Missouri Farm Bureau holds annual Commodity Conference

Feb 25, 2014

Dan Manternack, Agricultural Services Director for Doane Advisory Services, speaks at Missouri Farm Bureau’s Commodity Conference and Legislative Briefing in Jefferson City on Tuesday Feb. 25. Missouri Farm Bureau holds the event yearly to inform farmers on farming issues and get them involved.
Credit Xiaosu Tian / KBIA

  The Missouri Farm Bureau’s annual Commodity Conference and Legislative Briefing brought over 200 Missouri farmers to Jefferson City Monday and Tuesday. Missouri Farm Bureau President Blake Hurst said the event is meant to help inform Missouri farmers of current issues in agriculture.

“Well we hope that they leave here both better prepared for the coming year to try and anticipate what the weather and markets might do, and also better informed about the policy issues that affect them, their farms and their local communities,” Hurst said.

This event also gives attendees the chance to talk with their legislators about the issues that affect them as farmers. Hurst said farmers met with Missouri House and Senate members.

“I’m here really to have some input on what I want Farm Bureau to advocate when it comes to legislation,” Farmer Clay Hempel said.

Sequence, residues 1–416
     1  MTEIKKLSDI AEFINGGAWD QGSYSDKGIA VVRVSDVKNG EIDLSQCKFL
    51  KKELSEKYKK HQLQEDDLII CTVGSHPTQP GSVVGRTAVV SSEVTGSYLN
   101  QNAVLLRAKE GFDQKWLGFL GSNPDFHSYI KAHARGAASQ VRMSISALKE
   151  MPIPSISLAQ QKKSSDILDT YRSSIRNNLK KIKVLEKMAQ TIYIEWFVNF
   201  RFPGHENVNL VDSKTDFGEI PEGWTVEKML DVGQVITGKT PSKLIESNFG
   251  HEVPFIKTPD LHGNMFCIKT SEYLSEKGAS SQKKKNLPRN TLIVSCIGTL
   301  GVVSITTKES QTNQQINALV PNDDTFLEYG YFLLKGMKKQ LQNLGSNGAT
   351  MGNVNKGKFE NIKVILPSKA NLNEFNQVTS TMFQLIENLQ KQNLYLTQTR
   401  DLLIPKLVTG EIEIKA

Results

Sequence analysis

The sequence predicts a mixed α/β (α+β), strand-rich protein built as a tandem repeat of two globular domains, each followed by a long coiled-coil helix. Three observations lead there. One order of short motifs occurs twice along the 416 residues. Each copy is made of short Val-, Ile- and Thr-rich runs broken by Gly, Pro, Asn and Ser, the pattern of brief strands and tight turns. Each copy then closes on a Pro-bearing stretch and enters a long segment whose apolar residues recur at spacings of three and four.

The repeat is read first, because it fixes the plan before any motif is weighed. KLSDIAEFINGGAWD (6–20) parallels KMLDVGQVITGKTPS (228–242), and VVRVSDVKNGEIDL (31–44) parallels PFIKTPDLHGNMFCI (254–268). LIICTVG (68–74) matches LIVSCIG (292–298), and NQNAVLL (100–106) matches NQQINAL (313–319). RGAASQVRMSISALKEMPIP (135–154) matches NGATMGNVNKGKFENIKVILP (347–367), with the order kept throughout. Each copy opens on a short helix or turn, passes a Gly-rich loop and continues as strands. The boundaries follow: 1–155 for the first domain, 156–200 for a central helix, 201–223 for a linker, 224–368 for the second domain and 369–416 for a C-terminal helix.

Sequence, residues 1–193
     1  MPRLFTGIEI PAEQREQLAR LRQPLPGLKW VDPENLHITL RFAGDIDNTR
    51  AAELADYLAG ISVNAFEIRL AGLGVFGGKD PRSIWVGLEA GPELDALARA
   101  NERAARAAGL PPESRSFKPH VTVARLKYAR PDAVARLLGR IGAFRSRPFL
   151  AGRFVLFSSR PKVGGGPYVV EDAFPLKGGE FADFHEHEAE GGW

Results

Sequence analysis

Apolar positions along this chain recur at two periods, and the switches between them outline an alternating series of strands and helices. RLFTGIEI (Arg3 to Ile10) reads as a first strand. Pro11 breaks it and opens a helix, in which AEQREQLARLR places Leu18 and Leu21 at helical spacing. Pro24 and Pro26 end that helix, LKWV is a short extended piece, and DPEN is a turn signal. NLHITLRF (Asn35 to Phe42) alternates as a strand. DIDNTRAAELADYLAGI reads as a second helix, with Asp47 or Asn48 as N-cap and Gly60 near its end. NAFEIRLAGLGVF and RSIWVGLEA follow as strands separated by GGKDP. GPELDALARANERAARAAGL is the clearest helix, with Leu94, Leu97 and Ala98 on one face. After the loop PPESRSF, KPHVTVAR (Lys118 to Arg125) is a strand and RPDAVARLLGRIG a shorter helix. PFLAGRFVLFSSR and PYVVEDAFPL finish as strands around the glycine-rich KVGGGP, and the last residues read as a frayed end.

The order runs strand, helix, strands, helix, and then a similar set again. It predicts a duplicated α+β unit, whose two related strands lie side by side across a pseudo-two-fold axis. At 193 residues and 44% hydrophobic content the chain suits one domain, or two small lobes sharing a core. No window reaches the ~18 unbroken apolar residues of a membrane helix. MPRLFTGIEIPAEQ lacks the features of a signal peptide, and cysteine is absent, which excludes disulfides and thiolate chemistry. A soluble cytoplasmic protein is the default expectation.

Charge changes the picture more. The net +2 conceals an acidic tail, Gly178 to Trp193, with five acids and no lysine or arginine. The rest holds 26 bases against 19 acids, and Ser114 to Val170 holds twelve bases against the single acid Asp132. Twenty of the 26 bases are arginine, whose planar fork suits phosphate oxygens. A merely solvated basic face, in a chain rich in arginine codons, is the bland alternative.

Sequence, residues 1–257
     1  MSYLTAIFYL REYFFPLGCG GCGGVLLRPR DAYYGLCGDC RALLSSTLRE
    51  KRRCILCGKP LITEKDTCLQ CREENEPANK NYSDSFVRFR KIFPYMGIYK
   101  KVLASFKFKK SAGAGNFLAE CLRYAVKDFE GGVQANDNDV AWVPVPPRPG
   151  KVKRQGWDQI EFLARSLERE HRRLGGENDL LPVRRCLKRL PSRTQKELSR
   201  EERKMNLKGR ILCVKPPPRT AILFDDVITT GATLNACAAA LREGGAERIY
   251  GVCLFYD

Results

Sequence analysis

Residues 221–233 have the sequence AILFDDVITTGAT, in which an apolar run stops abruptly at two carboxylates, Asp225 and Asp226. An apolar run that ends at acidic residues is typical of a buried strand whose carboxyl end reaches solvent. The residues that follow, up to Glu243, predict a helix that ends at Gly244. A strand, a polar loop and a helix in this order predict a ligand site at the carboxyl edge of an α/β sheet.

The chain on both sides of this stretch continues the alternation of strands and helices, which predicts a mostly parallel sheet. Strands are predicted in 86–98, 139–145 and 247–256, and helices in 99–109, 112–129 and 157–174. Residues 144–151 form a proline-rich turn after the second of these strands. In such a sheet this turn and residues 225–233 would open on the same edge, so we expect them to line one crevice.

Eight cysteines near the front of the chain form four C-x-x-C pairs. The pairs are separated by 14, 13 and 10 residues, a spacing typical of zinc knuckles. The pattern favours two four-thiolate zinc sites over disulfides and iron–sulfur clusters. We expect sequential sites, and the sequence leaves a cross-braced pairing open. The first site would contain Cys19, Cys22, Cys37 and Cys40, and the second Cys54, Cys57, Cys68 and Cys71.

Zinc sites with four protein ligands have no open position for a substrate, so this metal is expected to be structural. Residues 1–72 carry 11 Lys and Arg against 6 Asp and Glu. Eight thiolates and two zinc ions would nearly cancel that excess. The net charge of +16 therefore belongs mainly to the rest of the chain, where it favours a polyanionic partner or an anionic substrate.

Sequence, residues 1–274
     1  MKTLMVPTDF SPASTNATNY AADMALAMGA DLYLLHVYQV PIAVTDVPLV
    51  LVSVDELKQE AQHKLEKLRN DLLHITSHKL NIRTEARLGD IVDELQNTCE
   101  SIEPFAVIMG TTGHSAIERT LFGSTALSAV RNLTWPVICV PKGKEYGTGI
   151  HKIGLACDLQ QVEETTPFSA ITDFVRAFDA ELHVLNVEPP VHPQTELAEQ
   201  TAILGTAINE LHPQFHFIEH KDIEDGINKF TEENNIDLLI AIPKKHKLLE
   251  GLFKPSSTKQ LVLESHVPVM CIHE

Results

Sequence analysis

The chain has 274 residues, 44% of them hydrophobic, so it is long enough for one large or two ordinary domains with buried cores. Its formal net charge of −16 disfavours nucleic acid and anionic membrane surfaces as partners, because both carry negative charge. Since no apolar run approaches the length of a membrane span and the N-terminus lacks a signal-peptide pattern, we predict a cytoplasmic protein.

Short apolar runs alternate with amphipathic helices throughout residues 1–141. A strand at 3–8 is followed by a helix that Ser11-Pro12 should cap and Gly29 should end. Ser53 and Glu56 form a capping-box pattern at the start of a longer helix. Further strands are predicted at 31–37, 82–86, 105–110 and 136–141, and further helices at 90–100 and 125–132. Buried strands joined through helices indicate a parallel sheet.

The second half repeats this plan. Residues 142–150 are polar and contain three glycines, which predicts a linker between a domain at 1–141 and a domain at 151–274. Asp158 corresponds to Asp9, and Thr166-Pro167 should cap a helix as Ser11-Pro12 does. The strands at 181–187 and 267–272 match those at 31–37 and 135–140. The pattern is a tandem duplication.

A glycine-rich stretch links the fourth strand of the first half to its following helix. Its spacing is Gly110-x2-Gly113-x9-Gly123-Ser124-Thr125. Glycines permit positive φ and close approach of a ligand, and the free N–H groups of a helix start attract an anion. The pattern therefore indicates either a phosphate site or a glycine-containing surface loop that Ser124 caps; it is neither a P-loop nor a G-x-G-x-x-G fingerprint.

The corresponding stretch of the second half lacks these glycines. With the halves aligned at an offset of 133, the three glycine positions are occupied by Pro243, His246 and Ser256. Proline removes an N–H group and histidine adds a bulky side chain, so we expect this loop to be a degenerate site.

The Missouri Farm Bureau brought speakers from around the Midwest to share their expertise on issues from climate change to livestock antibiotics.

One of the main issues covered was the Missouri Right-to-Farm amendment, which will be on the November ballot. The amendment guards Missouri farmers’ right to farm, and Hurst said it is aimed to protect Missouri farmers from outside regulations.

“It’s a constitutional amendment that provides some protection to agriculture from some of the pressures, some of the legislation and initiative petitions we’ve seen from outside Missouri interests, so we had a chance to talk to our members about it,” Hurst said.

Farmer Chris Chinn said she supports the amendment because it protects her rights as a farmer.

“What it does is it protects our constitutional right as farmers to continue to use modernization and technology on our farms to help provide food for our families and other families and to protect the future of farming in the state of Missouri,” Chinn said.